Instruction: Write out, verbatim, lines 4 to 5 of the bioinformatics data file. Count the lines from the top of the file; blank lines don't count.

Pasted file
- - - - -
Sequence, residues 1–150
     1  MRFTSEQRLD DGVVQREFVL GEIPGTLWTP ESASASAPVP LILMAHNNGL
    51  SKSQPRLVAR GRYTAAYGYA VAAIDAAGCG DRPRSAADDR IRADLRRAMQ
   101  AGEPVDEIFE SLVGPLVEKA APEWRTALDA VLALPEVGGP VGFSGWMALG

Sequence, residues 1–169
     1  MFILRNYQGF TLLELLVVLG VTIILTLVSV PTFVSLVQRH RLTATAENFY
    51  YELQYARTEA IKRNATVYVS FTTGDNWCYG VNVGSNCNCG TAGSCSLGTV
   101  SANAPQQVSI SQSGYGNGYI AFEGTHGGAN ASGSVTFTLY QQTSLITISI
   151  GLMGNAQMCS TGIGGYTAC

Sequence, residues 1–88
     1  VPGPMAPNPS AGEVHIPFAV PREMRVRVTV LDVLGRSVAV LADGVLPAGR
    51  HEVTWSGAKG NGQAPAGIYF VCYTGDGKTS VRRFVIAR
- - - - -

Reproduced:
   101  AGEPVDEIFE SLVGPLVEKA APEWRTALDA VLALPEVGGP VGFSGWMALG

Sequence, residues 1–169